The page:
uneasy lies the head that wears a crown

Call him the Flower, Mozart, something of a hockey maniac, pride of Thurso: how ever you care to tag him, Guy Lafleur turns 66 today. Most famously, of course, he was a Canadien, but after 14 seasons in Montreal, he did, you’ll recall, retire from retirement in 1988 to play three more seasons, first with the New York Rangers, then in Quebec with the Nordiques, before re-retiring for good in 1991. Lafleur did wear a helmet as a junior scoring sensation, notching 130 goals in 62 games in his final year with the Quebec Remparts. But after a slow start in the NHL, he eventually shed the headgear for good. I wrote a bit about this in Puckstruck, to this effect:

I don’t know whether Guy Lafleur could have taken his place among Canadiens greats wearing the bobbleheaded helmet he sported when he first played in the NHL. In 1974, at training camp, the story goes that he forgot it one day in his hotel room. He’d been a bit of a dud up to then, and the sportswriters were ready to write him off. Without his helmet, blond hair flowing free, he played with joy and with verve. The writers cheered. There, then, he decided he’d never again cover his head.

Biographer Georges-Hébert Germain writes about this in Overtime: The Legend of Guy Lafleur (1990). “As though by magic he had rediscovered the pleasure of playing.” It wasn’t what was on his head, of course, so much as in it. “But the helmet would be banished as a negative fetish for him, a bearer of unhappiness.” This was the age of the Flyer brawn and brutality, of course, and Canadiens’ management wanted Lafleur to put the helmet back on. “He would hear none of it — it was a burden, slowed him down.”

Guy’s dad wasn’t pleased, as noted in his autobiography. “I’ve always been afraid to see Guy play without a helmet,” Réjean Lafleur confided in Guy Lafleur: Mon Fils (1981). He and his wife worried when they saw him bareheaded, “especially when he falls or he’s checked against the boards.” When he asked Guy why, he said he’d damaged his helmet and the team hadn’t got him a new one yet. “I never much believed in the story,” his dad solemnly wrote.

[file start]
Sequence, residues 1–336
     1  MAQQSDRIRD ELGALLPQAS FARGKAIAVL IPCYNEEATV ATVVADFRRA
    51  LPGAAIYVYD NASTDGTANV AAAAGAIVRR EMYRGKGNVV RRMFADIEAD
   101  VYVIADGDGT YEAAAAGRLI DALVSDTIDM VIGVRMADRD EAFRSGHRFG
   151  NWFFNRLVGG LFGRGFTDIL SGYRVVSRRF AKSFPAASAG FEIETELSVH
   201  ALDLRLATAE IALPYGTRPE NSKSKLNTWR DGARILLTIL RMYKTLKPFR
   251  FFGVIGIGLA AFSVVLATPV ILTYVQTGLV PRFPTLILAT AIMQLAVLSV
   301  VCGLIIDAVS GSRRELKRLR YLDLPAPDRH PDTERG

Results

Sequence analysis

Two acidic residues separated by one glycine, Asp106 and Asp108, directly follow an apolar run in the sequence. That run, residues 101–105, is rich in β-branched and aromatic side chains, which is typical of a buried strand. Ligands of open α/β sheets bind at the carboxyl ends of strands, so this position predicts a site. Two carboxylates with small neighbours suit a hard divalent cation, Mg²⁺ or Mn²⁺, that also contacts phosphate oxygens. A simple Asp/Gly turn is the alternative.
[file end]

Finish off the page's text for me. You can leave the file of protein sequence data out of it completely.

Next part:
(Image: Guy Lafleur by Serge Chapleau, graphite and watercolour on paper, 43.1 x 35.5 cm, © McCord Museum)

 

chuck talk

Listen Up: Members of the 1947-48 Chicago Black Hawks lend a post-practice ear to coach Charlie Conacher. They are, top, in back, from left to right: Bill Gadsby, Gus Bodnar, Ernie Dickens Middle: Conacher, Red Hamill, Metro Prystai, Doug Jackson, Emile Francis, Alex Kaleta, Doug Bentley, Bob Goldham Front: John Mariucci, Bud Poile, Adam Brown, Bill Mosienko, Roy Conacher, Gaye Stewart.

wearwithal

Sweater Weather: Pierre Pilote would go on to claim three Norris trophies as the NHL’s primo defenceman, and he was the runner-up on three other occasions. He helped Chicago win a Stanley Cup in 1961, and captained the team for seven seasons after that. He was elevated to the Hockey Hall of Fame in 1975. Before all that, in September of 1956, he was just 24, seen here (on the right) as he headed into his rookie season. To the left, amid assorted underclothes, is the man who’d become a regular blueline partner, Elmer (a.k.a. Moose) Vasko.

pierre pilote, 1931—2017

Former Chicago Blackhawks captain Pierre Pilote was 85 when he died on Saturday night in Barrie, Ontario. NHL commissioner paid him tribute yesterday (that’s here); for reviews of his stellar defensive career, attend Dave Stubbs at the NHL.com along with the Chicago Tribune’s Chris Hine (here).

(Image: Weekend Magazine/Louis Jaques/Library and Archives Canada/ e002505691)